Analysis: any Arabs, sadly, see things Assad's way

The plan was for democracy, human rights, peace, an end to terrorism, and economic progress.

By BARRY RUBIN
August 15, 2006 22:47
2 minute read.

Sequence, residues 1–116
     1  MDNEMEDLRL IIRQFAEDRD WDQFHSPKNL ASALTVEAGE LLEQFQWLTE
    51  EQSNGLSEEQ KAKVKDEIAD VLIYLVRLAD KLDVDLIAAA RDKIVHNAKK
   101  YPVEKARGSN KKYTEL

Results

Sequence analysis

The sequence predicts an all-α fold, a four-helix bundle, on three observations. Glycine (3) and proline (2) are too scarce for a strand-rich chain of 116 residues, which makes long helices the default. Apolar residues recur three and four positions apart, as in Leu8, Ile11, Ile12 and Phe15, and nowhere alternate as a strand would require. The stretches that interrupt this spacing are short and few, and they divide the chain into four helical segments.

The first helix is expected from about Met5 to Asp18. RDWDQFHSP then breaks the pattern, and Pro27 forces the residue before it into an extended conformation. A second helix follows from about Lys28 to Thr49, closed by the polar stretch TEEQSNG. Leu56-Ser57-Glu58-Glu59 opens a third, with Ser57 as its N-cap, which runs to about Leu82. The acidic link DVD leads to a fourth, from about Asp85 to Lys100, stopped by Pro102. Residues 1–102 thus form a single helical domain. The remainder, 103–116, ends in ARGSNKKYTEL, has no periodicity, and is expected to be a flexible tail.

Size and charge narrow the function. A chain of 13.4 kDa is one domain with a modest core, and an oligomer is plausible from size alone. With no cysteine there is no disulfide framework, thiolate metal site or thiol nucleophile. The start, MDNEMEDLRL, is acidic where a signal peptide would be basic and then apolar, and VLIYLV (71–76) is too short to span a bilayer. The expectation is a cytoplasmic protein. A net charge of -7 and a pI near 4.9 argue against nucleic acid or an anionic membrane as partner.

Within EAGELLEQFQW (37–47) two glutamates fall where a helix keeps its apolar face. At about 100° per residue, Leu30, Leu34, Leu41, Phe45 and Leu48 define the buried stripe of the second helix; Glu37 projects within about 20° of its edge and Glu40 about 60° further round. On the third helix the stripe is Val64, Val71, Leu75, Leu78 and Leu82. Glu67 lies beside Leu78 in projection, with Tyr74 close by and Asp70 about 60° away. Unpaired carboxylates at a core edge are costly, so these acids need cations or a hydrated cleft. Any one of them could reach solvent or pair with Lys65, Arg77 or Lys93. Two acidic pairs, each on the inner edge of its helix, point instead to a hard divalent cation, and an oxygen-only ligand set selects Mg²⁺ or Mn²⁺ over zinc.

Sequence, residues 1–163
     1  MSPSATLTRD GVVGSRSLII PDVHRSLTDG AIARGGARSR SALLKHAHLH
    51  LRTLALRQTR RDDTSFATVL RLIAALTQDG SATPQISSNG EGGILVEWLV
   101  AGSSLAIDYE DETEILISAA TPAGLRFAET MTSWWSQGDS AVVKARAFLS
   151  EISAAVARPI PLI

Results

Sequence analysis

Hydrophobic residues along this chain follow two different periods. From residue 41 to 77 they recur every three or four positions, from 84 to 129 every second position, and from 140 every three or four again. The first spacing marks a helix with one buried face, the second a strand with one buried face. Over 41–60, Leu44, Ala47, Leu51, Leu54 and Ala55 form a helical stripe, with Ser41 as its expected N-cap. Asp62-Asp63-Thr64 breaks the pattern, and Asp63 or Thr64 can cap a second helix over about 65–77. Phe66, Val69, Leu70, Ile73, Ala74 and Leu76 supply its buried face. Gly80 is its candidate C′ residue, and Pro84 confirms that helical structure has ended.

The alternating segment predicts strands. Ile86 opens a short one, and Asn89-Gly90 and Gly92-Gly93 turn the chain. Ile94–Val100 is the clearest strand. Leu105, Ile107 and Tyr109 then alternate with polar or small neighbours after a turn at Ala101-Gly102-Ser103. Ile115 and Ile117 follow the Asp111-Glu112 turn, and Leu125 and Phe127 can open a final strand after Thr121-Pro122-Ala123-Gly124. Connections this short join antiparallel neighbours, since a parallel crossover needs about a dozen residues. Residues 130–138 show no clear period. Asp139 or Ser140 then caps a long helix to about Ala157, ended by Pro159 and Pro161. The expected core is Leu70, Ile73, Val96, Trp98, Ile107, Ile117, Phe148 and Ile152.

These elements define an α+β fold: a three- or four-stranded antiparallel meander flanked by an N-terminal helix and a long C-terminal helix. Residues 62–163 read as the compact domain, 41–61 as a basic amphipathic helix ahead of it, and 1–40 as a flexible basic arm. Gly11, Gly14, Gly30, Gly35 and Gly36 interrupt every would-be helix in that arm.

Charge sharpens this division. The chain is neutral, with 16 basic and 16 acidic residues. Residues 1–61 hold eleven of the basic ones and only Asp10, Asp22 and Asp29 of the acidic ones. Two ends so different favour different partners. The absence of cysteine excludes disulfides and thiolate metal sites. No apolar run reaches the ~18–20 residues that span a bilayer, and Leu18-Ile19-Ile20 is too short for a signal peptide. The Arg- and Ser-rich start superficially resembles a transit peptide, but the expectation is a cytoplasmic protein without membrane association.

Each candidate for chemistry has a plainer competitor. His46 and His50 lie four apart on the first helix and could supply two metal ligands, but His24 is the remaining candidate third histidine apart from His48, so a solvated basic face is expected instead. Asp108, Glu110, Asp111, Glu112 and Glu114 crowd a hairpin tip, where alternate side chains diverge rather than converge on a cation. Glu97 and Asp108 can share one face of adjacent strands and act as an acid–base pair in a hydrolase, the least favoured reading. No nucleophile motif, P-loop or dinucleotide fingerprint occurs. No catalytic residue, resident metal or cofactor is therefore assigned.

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Speaking to a journalists' association conference and in several other recent speeches and interviews, Syrian President Bashar Assad has claimed victory over Israel as well as America, whose plan for a "new Middle East" has been defeated by Hizbullah's success. In the view of both the US and that of Arab reformers the plan was for democracy, human rights, peace, an end to terrorism, and economic progress. In Assad's definition, it meant that America and Israel would dominate the Arab world to destroy Arabism and Islam. More Arabs, to their own detriment, probably believe in Assad's view. At the conference, Assad said the region had changed due to Hizbullah's achievements. He's right, though trends were already clear in the failure of the 1990s' peace process, Hamas's election victory, violence in Iraq, the Arab regimes' defeat of reform movements, advances by Hizbullah and the Egyptian Muslim Brotherhood in elections, and other developments. One feature of this new era is the death of any hope for Arab-Israeli peace. The conflict will likely continue many years - producing politically useful Palestinian suffering - for these developments mean that since most Arabs believe Israel is totally evil and can be destroyed by armed struggle, they see no reason or need for a diplomatic compromise solution. The question, though, is whether this change is good or bad for the Arabs. Thanks to such victories, they can continue living under the same rulers, with lots of violence and corruption accompanied by low levels in living standards and rights. Also visible through the meeting is the style that has so long characterized Arab politics and has been fully renovated for a new generation. This kind of stuff is both orchestrated and yet takes on a life of its own. During the speech, members of the audience who claimed to be Lebanese - and apparently hired for the purpose since the security people let them do it - stood to thank Assad loudly for all the things he has done for their country. With no sense of the irony of the performance, one woman screamed, "Without the support of our sister country Syria, we would not be able to achieve what we have achieved." Given the country's wreckage, refugees, economic setbacks, ethnic strife, and the return of Syrian hegemony, it is hard to figure out what any positive achievements might be. The audience then broke into applause, shouting, "With our blood, with our soul, we redeem you, Oh Bashar!" They needn't worry. Assad and his allies will make sure they have plenty of opportunities to spill their blood and sell their souls. The world would do well to read Assad's speech carefully and take it seriously. Syria is not a country which can be negotiated with or bought off. It is not taking a militant role because it is aggrieved or bargaining toughly but because war, unrest, and extremism really do suit the regime's interests. A CIA report from exactly 40 years ago is startlingly timely in explaining this pattern: "The question in regard to Syria's future then is not whether it will be moderate or radical, but what will be the kind and intensity of its radicalism."

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